South Africa's Mining Problems And Their Effect On The Price Of Precious Metals

by: Arie Goren

South Africa is a very important producer of precious metals. It possesses almost all global reserves of platinum group metals -- 95.5% according to the USGS (U.S. Geological Survey) and about 12% of all global gold reserves. South Africa's mining sector has suffered from many problems during the past years, some of them concern the following areas:

Labor unrest - Unrest has been spreading across the gold and platinum producing regions that surround Johannesburg ever since the beginning of August, when an illegal strike at Lonmin PLC's Marikana mine halted production and heralded the start of a series of other strikes among surrounding platinum producers. On that occasion, in an effort to halt the strikes, the police violently killed 34 miners. At the moment, as many as 75,000 miners-- or 15 percent of the South African mining sector's total workforce-- are already out on strike. That includes employees from some of the country's biggest gold and platinum mines.

Mine safety - South Africa is known for having the deepest mines in the world, which makes them very dangerous. As of July 26, 2012, 63 fatalities have been reported in the mining sector since the start of the year, which is above the international average. Therefore, a lot of mines are now shutting down for safety reasons.

Electricity Shortage - South Africa suffers from shortages in electricity. According to the Power Producers' Association, the current power supply is short by 5,000MW. Since the mining sector is a heavy user of electricity, interruption of production can occur from time to time. In 2007, the State-owned power utility, Eskom, indicated that electricity supply would remain tight for the next five to eight years. Blackouts in 2007 and 2008 had cost the economy between R50 billion and R119 billion.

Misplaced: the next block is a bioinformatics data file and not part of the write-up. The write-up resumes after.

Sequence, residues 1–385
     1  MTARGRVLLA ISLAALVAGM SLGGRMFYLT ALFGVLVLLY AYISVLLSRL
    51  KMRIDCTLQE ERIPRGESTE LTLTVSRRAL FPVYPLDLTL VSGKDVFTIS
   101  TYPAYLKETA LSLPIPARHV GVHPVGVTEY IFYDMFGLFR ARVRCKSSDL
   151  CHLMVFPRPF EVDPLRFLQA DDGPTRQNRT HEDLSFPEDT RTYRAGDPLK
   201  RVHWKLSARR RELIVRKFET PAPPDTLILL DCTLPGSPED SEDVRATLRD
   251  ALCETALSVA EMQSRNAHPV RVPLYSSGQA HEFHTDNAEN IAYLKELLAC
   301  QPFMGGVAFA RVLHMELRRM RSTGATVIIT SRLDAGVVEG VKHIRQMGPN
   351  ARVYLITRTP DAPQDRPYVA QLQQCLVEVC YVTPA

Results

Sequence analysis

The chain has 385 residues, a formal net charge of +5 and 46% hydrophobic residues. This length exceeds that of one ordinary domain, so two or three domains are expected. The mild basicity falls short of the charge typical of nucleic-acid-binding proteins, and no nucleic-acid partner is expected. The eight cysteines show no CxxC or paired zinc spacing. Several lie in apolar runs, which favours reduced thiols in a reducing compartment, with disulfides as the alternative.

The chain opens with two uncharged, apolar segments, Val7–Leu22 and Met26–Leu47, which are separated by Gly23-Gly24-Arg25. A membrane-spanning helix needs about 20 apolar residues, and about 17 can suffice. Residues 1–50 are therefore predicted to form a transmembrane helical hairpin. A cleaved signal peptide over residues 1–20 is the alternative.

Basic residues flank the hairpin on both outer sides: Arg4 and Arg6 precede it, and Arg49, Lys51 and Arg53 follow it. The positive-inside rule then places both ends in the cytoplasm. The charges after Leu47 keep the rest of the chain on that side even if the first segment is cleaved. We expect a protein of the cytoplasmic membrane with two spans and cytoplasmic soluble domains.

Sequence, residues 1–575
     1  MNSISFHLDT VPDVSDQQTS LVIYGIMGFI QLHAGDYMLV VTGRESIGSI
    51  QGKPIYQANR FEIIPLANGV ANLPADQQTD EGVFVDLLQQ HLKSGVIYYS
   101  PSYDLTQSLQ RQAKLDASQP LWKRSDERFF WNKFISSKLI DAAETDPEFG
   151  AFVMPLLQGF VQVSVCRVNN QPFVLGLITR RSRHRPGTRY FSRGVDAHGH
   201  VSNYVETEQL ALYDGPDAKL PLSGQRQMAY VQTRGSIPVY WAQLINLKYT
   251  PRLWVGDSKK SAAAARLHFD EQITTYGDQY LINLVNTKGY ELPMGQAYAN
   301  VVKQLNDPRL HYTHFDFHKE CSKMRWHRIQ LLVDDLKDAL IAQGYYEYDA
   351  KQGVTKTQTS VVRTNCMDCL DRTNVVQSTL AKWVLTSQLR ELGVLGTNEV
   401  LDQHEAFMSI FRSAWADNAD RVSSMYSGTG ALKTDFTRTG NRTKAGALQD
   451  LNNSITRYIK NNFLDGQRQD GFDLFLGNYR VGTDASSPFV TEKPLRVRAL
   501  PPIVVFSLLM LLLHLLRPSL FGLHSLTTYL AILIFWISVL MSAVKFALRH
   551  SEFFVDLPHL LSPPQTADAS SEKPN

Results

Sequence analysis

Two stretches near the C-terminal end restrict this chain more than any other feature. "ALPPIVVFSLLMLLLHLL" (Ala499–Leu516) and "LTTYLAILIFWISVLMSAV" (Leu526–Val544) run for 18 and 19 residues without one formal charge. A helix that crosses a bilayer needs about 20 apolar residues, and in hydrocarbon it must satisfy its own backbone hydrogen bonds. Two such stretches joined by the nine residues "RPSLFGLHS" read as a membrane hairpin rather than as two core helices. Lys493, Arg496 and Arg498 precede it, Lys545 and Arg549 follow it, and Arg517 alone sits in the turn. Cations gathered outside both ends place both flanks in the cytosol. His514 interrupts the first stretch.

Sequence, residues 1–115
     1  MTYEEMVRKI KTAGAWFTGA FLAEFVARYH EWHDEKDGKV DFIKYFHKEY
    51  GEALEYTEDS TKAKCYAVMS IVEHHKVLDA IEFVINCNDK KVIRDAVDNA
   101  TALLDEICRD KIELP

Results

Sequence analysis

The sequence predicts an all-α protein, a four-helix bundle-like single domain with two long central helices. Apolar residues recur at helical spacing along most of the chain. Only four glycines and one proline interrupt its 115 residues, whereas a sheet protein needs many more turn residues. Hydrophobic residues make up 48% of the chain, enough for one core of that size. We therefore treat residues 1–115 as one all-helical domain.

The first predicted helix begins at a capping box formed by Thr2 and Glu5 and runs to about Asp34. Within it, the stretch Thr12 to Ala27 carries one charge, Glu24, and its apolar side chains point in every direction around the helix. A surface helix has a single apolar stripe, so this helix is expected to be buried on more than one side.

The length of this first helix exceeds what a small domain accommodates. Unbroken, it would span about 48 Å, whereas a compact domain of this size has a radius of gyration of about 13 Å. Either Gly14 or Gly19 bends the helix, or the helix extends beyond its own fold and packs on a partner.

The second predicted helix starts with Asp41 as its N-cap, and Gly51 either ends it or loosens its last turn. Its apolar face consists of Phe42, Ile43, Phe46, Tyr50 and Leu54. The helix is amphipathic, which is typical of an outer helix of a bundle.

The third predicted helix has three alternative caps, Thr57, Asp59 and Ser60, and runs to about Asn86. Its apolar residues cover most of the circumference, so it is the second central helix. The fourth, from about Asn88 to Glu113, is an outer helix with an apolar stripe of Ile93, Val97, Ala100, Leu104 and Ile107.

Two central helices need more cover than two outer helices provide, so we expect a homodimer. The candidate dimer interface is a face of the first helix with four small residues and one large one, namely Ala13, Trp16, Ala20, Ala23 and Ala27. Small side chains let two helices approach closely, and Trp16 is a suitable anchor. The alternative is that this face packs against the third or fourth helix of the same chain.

This article will show some historical data of precious metals production in South Africa and will try to suggest how they will affect future precious metal prices.


South Africa produces about 75% of the world's platinum, which is used primarily in automobile catalytic converters. From a record production of 170 metric tons (5.47 million troy ounces) of platinum in 2006, South Africa produced only 139 metric tons (4.47 million ounces) in 2011, about 18.2% less. According to Barclays bank, due to labor issues this year, platinum production losses in South Africa are approaching 400,000 ounces (about 9% of its 2011 production).

Data: USGS Chart: Arie Goren


South Africa produces about 40% of the world's palladium, which is also used primarily in automobile catalytic converters. From a record production of 224 metric tons (7.20 million ounces) of palladium in 2006, South Africa produced only 207 metric tons (6.66 million ounces) in 2011-- about 7.6% less.

Data: USGS Chart: Arie Goren


In 1970, South Africa's mines produced about 995 metric tons of gold (32 million ounces), about 67.5% of the world's total production that was approximately 1,477 tons (47.5 million ounces). Since then, the country's gold production has dropped continuously, and in 2011 South Africa produced only 190 tons (6.11 million ounces) of gold, which was only 7% of the world total production of 2,700 tons (86.81 million ounces).

Data: USGS Chart: Arie Goren


Platinum: Although estimates imply that the platinum market remains within a modest surplus this year, labor-related supply disruptions in South Africa and improved demand--whenever a stimulus leads to a stronger economy-- will probably cause shortages next year and further price gains.